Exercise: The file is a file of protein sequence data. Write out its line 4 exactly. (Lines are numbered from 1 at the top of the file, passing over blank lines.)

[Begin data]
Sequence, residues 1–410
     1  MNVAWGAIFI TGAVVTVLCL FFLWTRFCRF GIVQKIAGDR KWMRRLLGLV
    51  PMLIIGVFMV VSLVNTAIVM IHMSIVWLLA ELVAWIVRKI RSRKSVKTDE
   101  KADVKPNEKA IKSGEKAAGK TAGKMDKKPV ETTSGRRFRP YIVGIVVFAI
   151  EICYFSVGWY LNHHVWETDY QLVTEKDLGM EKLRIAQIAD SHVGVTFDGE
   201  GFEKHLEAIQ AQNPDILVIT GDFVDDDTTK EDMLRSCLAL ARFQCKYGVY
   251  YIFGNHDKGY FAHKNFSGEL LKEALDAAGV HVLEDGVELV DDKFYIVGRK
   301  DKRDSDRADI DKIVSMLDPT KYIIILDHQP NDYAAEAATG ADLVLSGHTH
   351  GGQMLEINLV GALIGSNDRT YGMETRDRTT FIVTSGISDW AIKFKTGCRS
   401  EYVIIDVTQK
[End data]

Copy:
   101  KADVKPNEKA IKSGEKAAGK TAGKMDKKPV ETTSGRRFRP YIVGIVVFAI